USB to serial adapter
This article details the process of enabling support for USB to serial (RS-232, RS-422, RS-485 etc) adapters in the Linux kernel.
Most modern, user facing hardware devices do not come with serial ports accessible from the exterior casing of the device. This becomes an issue when attempting to configure or troubleshoot certain devices that implement a console port with serial communication for data input/output. Most modern hardware devices do include at least one USB port that is accessible from the device casing.
The Linux kernel has support for USB to serial adapters. These devices can be also known as USB serial converters. Support can be enabled in the kernel, udev will configure the device, and an engineer can obtain success communicating with serial input/output via the console port.
Enable support for USB to serial by selecting the following symbols in the kernel's configuration: CONFIG_USB_SERIAL, CONFIG_USB_SERIAL_CONSOLE, CONFIG_USB_SERIAL_GENERIC, and CONFIG_USB_SERIAL_SIMPLE:
Device Drivers ---> [*] USB support ---> <*> USB Serial Converter support ---> --- USB Serial Converter support [*] USB Serial Console device support [*] USB Generic Serial Driver <*> USB Serial Simple Driver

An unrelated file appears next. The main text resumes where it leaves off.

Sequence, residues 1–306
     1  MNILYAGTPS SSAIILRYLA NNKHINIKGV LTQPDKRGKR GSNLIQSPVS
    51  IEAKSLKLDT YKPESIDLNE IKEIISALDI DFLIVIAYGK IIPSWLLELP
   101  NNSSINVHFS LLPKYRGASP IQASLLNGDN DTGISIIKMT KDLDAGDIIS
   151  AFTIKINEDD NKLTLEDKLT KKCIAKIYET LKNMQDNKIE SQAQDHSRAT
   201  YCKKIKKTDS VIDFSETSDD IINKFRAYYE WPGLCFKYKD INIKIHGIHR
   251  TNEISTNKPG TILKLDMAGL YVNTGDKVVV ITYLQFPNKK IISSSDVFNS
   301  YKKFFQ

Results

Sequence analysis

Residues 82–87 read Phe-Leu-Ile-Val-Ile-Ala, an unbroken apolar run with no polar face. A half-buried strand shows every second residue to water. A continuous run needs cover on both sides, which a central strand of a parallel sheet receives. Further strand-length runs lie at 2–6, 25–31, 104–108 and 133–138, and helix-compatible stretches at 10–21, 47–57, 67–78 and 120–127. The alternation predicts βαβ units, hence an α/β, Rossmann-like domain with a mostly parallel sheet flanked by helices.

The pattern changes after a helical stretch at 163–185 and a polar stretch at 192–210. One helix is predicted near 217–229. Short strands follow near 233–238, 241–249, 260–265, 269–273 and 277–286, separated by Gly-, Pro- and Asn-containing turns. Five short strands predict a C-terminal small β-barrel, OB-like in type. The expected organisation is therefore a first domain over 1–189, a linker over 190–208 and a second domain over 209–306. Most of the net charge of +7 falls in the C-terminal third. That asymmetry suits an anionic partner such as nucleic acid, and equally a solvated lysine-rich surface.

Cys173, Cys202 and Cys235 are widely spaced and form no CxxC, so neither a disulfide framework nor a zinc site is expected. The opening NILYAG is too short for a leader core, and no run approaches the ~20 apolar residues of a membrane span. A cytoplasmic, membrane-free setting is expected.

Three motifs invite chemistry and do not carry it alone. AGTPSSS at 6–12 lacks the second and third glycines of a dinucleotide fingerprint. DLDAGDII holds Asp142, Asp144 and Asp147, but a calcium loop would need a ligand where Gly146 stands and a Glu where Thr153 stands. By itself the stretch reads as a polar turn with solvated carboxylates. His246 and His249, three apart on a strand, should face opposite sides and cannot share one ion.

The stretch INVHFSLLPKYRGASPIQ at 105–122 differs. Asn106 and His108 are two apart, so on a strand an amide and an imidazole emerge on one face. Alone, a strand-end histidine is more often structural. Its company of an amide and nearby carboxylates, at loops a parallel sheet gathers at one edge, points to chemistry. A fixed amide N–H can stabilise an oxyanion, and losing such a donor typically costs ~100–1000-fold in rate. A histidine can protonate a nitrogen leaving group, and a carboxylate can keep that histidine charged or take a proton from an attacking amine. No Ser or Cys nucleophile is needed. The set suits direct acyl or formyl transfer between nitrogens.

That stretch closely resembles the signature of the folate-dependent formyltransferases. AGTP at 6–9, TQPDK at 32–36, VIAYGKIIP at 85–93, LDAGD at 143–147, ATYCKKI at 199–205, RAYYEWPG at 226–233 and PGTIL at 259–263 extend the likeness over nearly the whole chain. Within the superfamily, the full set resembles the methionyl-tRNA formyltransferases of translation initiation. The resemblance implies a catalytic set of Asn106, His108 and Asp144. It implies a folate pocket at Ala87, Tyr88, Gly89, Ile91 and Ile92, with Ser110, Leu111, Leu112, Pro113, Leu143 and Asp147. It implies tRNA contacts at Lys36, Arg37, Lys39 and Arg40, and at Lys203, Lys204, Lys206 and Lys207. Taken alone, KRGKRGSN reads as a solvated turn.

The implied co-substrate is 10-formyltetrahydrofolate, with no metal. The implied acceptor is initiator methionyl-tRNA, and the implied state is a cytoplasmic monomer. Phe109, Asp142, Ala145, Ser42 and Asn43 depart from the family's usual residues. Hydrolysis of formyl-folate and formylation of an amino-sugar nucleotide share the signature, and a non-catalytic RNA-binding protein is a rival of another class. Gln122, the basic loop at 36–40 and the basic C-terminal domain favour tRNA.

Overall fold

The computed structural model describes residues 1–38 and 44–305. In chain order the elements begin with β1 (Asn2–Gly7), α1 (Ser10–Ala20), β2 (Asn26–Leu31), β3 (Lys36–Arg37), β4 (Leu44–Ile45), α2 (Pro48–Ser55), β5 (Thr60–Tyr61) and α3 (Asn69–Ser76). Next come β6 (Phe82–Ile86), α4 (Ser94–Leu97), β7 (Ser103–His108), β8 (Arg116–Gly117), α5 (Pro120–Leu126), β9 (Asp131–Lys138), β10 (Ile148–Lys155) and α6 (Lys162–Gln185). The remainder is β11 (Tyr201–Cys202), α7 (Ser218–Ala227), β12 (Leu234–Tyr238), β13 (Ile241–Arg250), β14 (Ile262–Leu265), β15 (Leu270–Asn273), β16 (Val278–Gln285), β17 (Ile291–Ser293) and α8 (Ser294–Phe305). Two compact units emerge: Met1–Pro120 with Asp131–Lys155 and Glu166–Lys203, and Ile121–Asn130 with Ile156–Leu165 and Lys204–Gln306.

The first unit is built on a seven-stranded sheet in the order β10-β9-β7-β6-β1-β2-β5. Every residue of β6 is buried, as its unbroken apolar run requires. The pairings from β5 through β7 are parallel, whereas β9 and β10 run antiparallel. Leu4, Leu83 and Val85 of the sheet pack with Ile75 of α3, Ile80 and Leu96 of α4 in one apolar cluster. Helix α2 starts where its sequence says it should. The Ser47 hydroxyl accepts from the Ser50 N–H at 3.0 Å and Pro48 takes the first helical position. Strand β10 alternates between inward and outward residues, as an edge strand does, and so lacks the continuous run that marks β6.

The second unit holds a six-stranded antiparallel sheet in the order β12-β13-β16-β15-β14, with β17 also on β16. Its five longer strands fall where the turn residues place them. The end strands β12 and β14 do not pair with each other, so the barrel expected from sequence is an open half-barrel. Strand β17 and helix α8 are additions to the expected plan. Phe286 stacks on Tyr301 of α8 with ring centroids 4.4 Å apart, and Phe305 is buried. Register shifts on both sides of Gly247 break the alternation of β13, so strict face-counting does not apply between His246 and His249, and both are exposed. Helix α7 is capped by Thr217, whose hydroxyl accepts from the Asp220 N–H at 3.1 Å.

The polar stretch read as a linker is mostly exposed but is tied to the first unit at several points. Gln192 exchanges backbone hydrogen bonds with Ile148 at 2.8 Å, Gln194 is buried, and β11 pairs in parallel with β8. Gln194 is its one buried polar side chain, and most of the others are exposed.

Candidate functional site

From this point, specific drivers for each hardware device can be enabled as necessary. To reduce kernel size it is wise to build support for additional adapters as modules.
After the above options have been enabled do not forget to recompile the kernel, update the bootloader, and re-execute the new kernel. Instructions for how to do these steps can be found in related articles.
Useful software for accessing the serial interface:
- Kernel — the core of the operating system.
- Kernel/Configuration — describes the manual configuration and setup of the Linux kernel.